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Monday, November 18, 2019
Connecting Our Communities

Amalgamation a bad idea that just won’t die off

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The votes were barely counted when there was talk – again – of amalgamation. That the municipal election happened during Halloween season appears to be no coincidence – amalgamation is the zombie that refuses to die. The walking dead, indeed.

Just like zombies, however, the benefits proponents tout – cost savings and efficiencies – are also totally fictional.

Amalgamation has been a non-starter for years. Whether protecting their turfs or fighting off the loss of independence, critics have been right to dismiss a concept whereby the seven existing municipalities in Waterloo Region would be wiped out in favour of one.

The case for consolidating seven municipal governments into one über-government at the region is as weak today as it was during the height of the Harris Tories’ ill-fated amalgamation frenzy. Removing direct local representation for a gamble on reduced costs hasn’t paid off, and never will. Moreover, people have ties to their communities, and like to have direct access to their municipal politicians, who have the largest impact on their day-to-day lives.

While optimizing some services may be advantageous – over the years, we’ve seen that happen with police services and, more recently, transit – but that’s a far cry from discussing single-tier government. Even talks to regionalize fire protection or water and sewer services seem doomed to eternal bickering.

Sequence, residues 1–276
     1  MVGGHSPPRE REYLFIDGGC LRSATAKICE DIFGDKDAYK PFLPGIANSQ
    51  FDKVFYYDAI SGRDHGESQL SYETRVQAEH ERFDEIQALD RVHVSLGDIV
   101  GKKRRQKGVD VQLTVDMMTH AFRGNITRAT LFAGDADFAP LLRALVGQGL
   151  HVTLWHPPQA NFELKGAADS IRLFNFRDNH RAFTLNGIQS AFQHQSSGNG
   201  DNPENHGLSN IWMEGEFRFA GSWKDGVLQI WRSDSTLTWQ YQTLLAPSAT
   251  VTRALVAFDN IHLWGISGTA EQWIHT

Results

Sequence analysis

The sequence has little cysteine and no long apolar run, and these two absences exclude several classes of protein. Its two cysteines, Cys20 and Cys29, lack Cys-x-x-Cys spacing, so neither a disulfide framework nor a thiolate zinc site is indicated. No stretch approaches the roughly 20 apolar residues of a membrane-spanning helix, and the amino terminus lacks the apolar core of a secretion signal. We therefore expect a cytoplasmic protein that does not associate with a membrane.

In the townships, the loss of direct say over planning and other issues is too big a price to pay. An amalgamated region would see precious little rural representation at the table. As it now stands, Woolwich and Wellesley each have just one place on regional council, which doesn’t amount to much. But each remains autonomous for the most part, able to control its future at the local council level – in the absence of that structure, the priorities of the cities could quickly overwhelm each of the four rural townships.

The smallest municipalities must retain the right to say “no” when it comes to incursions from the city. The fate of the development lands in Breslau, for instance, is in much better hands at Woolwich council than it would be if the cities were calling the shots – just look at the poor development legacy visited on the residents of Kitchener and Waterloo.

Studies of Ontario municipalities amalgamated when that was in vogue with the Harris government show cost-savings to be non-existent. There may be benefits, but they’re not financial. And years afterwards, few people are doing cartwheels over the moves.

Business groups are often the ones pushing for amalgamations, typically emphasizing the savings mantra. Depending on the political climate, they’re joined by people who like the idea of sending politicians packing, the appeal of fewer councillors. Again, nice idea in theory, but the savings are miniscule – one-half of one per cent of the total budget goes to council administration.

While there can be a bit of initial cost savings by casting off duplicate senior staff members, it doesn’t take long before most of the money is eaten up by the middle managers who are added to help administer a larger population and the services offered to them.

That idea makes no sense for any of the municipalities, least of all the townships. But politicians are capable of acting contrary to the public interest. When it comes to the idea of amalgamation, we are living in the land of the undead.

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